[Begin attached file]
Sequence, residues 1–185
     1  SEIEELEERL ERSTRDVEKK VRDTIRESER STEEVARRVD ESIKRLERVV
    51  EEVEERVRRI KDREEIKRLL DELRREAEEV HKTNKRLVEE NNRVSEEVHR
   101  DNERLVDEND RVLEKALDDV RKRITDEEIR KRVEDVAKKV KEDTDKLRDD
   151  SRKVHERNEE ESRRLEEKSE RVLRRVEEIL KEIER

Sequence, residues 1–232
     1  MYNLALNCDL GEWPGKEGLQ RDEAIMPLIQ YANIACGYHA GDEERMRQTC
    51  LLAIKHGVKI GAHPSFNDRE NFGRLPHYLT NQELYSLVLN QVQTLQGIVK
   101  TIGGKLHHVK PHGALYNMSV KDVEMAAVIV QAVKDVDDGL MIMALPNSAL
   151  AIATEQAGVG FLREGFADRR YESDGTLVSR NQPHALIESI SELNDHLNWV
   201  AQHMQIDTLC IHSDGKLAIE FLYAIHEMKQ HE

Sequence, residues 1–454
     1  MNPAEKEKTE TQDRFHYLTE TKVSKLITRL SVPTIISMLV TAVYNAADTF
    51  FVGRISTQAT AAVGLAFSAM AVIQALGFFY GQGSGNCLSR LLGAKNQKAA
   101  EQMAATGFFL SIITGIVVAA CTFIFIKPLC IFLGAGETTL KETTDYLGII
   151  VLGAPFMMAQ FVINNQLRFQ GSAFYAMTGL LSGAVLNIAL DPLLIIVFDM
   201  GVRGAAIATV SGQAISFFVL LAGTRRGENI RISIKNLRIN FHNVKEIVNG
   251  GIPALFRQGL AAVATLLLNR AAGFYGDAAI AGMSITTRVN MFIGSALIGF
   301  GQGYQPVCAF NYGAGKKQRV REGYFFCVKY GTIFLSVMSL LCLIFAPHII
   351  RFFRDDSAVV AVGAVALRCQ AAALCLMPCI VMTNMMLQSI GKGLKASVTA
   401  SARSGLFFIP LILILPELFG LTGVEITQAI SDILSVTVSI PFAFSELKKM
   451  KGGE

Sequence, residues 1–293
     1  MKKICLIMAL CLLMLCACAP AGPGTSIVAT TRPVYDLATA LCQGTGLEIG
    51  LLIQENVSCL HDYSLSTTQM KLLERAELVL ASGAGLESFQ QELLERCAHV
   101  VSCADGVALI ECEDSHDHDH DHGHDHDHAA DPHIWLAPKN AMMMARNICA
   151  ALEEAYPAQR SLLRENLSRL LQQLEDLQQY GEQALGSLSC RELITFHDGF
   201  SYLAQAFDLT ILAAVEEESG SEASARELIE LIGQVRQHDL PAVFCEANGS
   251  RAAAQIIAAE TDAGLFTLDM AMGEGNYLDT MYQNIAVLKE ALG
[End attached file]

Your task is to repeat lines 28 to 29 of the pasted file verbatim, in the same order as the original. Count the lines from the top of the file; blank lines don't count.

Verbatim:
   201  SYLAQAFDLT ILAAVEEESG SEASARELIE LIGQVRQHDL PAVFCEANGS
   251  RAAAQIIAAE TDAGLFTLDM AMGEGNYLDT MYQNIAVLKE ALG